Hershey, Pennsylvania — Hilary Link, president of Allegheny College, presented the annual Prize for Civility in Public Life in Pennsylvania on Sept. 23 to the four chairs of the General Assembly’s Criminal Justice Reform Caucus: Republican Representative Sheryl Delozier, Republican Senator Camera Bartolotta, Democratic Representative Jordan Harris and Democratic Senator Art Haywood.
Presenting civility awards, which have recognized public figures like U.S. Supreme Court Justice Ruth Bader Ginsburg, who have the ability to argue “passionately but respectfully” on bipartisan issues, is an almost decade-long tradition. But 2019 marks the first year one of the prize recipients will actually visit Allegheny grounds.
Haywood, Pennsylvania senator serving the 4th senatorial district, will interact with Allegheny students, faculty and members of the community today at 12:15 p.m. in the Tillotson Room at Tippie Alumni Center at Cochran Hall. His visit was arranged by the Office of the President in collaboration with the Center for Political Participation, after Link awarded him the Civility Prize in September.
Link expressed her excitement to have Haywood as the first national or Pennsylvania recipient of the Civility Prize to visit campus.
“One of my big goals with the Civility Prize is to embed it as much as possible in what’s happening here on campus,” Link said.
She presented the award for her first time in late September, and commented that “It’s incredibly moving to see in action what the (Civility Prize) actually stands for, with people who are on completely opposite ends of the political spectrum.”
After awarding the Civility Prize to Haywood at the Pennsylvania Chamber of Commerce Dinner, Link and other members of the Allegheny community had the opportunity to talk more with the senator about his work in the Commonwealth. Haywood is currently traveling around the state and was happy to schedule a lunchtime visit to Allegheny, according to Link.
“It worked out perfectly that relatively soon after the awarding of the prize, we were able to bring him for a lunchtime event to really expose as many students and faculty, and local dignitaries who will also be attending,” Link said.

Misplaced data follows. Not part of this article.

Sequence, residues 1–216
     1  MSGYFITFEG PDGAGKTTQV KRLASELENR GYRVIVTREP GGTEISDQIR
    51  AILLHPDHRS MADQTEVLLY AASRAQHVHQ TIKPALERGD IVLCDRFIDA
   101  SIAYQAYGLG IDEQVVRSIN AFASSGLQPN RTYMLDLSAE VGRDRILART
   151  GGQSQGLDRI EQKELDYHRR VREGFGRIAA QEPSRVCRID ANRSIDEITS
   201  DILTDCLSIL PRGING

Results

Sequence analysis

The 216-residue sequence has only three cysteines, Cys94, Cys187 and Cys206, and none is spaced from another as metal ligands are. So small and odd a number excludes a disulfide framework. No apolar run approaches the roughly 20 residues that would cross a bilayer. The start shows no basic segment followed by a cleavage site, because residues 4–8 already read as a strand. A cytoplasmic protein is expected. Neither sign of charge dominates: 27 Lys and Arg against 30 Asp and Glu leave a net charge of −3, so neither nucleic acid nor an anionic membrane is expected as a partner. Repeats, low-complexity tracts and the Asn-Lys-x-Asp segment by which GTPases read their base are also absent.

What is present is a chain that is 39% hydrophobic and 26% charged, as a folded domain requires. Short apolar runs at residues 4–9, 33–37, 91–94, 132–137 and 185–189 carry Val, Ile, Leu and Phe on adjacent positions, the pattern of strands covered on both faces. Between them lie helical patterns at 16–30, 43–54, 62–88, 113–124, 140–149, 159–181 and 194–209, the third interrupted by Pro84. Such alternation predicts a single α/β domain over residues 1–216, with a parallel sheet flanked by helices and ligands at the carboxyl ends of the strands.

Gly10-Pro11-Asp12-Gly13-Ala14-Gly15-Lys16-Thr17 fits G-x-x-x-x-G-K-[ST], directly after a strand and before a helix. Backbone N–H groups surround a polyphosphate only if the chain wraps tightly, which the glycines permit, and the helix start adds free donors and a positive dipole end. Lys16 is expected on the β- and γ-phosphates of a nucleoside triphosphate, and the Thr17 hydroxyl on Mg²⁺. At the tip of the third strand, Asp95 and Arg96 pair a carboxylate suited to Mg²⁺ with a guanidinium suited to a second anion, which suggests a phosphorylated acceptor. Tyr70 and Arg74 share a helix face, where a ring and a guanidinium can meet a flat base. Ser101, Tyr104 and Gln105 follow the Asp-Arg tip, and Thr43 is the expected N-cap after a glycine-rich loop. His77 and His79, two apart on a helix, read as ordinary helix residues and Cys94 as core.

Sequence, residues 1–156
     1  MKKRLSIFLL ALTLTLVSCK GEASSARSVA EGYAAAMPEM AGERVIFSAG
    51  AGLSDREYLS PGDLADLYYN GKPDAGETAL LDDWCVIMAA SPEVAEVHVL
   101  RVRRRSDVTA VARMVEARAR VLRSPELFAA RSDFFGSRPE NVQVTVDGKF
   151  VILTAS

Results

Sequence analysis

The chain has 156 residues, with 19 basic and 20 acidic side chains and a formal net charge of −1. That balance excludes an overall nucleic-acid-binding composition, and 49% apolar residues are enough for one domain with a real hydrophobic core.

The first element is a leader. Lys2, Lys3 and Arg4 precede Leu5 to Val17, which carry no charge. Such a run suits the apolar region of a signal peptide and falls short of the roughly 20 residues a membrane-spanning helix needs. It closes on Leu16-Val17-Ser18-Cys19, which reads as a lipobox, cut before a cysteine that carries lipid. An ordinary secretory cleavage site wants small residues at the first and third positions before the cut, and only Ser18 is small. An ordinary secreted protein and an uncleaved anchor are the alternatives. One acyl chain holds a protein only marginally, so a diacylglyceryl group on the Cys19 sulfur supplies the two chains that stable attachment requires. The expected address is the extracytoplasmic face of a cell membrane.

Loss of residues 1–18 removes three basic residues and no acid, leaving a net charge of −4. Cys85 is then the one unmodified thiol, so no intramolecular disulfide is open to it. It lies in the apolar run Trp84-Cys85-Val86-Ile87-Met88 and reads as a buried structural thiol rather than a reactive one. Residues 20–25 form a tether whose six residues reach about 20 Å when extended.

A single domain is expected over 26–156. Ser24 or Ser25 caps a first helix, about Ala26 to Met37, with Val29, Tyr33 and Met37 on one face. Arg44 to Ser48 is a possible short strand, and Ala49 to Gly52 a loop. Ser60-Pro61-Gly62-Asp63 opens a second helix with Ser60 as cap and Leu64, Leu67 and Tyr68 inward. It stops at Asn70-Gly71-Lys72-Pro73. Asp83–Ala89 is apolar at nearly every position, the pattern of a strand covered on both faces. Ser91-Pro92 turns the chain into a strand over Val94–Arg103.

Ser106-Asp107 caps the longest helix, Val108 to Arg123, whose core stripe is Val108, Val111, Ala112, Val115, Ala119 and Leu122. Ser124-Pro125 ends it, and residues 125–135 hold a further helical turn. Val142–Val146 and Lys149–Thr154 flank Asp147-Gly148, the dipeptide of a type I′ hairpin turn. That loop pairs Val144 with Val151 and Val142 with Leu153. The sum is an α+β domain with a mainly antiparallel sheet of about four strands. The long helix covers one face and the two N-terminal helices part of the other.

Public figures in the Meadville community such as Mayor LeRoy Stearns and City Manager Andy Walker, ’00, have been invited to attend.
Haywood is a 1985 graduate of the University of Michigan Law School. Throughout his legal career, he has concentrated on “preserving and creating affordable housing and neighborhood revitalization,” according to his website. In addition to serving as one of the Criminal Justice Reform Caucus chairs, he advocates for gun violence prevention and raising Pennsylvania’s minimum wage, and is the Democratic Chair of the Health and Human Services Committee.
Link praised Haywood’s success of working across party lines to pass state legislation on prison reform. She said one point of the Civility Prize is to show young adults that in an era of political polarization, there are citizens who are willing to put divisions aside for the betterment of society.
Brian Harward, Robert G. Seddig Chair in Political Science and Director of the CPP, will be hosting the event. He reiterated Link’s sentiments and views the event as an opportunity for community members to recognize the importance of civic advocacy.
“The College, for a long time, has been an advocate for civility in public life,” Harward said. “Senator Haywood is an exemplar of the values that (the Civility Prize) stands for.”
Moving forward, Link said she is excited to think of other ways to continue bringing the prize “back to campus,” where it originated after thorough research from the CPP.
“It started here on campus and then it’s kind of grown a little bit away from campus,” Link said. “I’m excited to think about other ways that we can bring the prize back to campus as much as possible. … This is something that we’re hoping to do more of.”